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'Flies, tigers' targeted in Xi's corruption battle

'Flies, tigers' targeted in Xi's corruption battle

Party chief Xi Jinping yesterday took his campaign against corruption to the petty bureaucracy and minor infractions of lowly officials who are the bane of many Chinese people's everyday lives.

Xi said it was just as important to go after the lowly "flies" as it was to tackle the top official "tigers" in the battle against graft.

"We must uphold the fighting of tigers and flies at the same time, resolutely investigating law-breaking cases of leading officials and also earnestly resolving the unhealthy tendencies and corruption problems which happen all around people," he told a meeting of the Party's Central Commission for Discipline Inspection.

"No exception will be made when it comes to Party discipline and the law," Xi said. "Cases will be investigated completely and no leniency will be meted out no matter who is involved."

Officials must not be allowed to get away with skirting rules and orders from above or choosing selectively which policies to follow, Xi said.

"The style in which you work is no small matter, and if we don't redress unhealthy tendencies and allow them to develop, it will be like putting up a wall between our Party and the people, and we will lose our roots, our lifeblood and our strength," Xi said.

He called for "a disciplinary, prevention and guarantee mechanism" to be set up to prevent corruption.

Since his election as general secretary of the Communist Party in November, Xi has vowed to root out corruption, warning that the Party's survival was at risk.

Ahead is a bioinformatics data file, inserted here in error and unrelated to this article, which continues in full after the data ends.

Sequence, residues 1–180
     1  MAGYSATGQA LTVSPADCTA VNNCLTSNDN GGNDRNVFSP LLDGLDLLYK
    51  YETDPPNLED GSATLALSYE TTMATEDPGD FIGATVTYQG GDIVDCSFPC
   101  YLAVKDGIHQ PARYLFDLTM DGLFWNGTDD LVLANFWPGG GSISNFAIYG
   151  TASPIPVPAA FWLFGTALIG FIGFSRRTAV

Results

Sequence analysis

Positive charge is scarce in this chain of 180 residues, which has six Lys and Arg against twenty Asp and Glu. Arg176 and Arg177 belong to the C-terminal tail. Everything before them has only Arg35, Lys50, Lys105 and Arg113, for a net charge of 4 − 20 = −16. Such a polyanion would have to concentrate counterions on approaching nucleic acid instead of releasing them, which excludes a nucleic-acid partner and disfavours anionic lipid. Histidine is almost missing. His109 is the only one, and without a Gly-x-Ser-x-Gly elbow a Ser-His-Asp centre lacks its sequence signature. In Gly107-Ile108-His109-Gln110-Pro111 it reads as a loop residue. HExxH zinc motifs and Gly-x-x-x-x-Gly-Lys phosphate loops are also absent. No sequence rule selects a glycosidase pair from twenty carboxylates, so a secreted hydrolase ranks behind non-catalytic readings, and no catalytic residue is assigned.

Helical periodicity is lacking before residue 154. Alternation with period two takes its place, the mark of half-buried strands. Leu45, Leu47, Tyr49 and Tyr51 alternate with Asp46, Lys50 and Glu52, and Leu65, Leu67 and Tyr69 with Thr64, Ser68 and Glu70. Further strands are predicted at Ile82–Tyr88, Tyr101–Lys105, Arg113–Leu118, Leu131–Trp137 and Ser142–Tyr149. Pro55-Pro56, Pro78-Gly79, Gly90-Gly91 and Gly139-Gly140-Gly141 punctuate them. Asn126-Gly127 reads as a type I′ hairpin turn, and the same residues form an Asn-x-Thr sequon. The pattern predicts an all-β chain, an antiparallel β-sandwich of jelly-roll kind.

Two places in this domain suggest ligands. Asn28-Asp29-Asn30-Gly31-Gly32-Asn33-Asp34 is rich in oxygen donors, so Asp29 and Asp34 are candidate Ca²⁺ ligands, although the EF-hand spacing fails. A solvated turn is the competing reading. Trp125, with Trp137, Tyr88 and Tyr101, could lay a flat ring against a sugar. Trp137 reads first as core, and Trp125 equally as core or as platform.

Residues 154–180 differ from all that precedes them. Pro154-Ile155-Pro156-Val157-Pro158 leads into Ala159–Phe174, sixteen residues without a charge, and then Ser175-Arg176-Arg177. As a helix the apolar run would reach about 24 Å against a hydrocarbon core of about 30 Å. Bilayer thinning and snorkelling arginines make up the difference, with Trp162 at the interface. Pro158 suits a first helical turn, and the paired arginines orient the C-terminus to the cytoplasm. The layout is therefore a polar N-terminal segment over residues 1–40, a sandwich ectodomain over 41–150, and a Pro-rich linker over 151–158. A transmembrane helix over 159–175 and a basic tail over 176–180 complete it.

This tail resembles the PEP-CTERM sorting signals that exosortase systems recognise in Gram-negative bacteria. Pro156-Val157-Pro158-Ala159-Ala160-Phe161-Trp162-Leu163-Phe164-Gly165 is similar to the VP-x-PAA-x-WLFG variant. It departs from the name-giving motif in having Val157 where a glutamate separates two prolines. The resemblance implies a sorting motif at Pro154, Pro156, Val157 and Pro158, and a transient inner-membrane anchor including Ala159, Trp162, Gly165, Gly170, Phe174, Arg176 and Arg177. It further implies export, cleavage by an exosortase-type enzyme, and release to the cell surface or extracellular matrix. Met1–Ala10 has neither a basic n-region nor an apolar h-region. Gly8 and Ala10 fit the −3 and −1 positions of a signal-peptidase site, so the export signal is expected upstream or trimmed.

The Party chief also called for determined efforts to oppose ostentation and reject hedonism and extravagance, banning officials from making long, boring speeches or being given red carpet welcomes, and ordering local governments to stop holding alcohol-fueled banquets.

Xi asked for efforts to strengthen national anti-corruption legislation and relevant intra-Party regulations to ensure national organs exercise their power within the boundaries of the law.

"The mainstream of our cadres and Party members is good," he said. "But we should soberly recognize that corruption is still prone to occur or happen quite frequently in certain areas."

He said the fight against corruption would be long-term, complicated and arduous.

Efforts should be made to prevent and overcome selfish localism and departmentalism, and nobody or no department should be allowed to disregard policies introduced by the Central Committee, he said.

"We must not relax the use of penalties if we want to rule Party members strictly," he said.

Anyone who exercises power should serve the people, be accountable to the people and accept supervision by the people, Xi said. A fight against privilege should be waged in combating corruption and building a clean government, he said.

A total of 4,698 county-level officials or higher-level cadres were punished by disciplinary watchdogs in 2012 and 961 officials at county-level or above were transferred to judicial bodies.

Among them were Liu Zhijun, former railways minister, Huang Sheng, former vice governor of east China's Shandong Province, and Tian Xueren, former vice governor of northeast China's Jilin Province. Their cases have been transferred to judicial bodies.

Two other provincial-level officials are under investigation. Zhou Zhenhong, a former member of the Standing Committee of the CPC Guangdong provincial committee, was sacked for suspected "serious discipline violations" in January last year, and Li Chuncheng was sacked as deputy Party chief of Sichuan Province for suspected "serious discipline violations" in December.

Nearly 73,000 people were punished for corruption or dereliction of duty in 2012.

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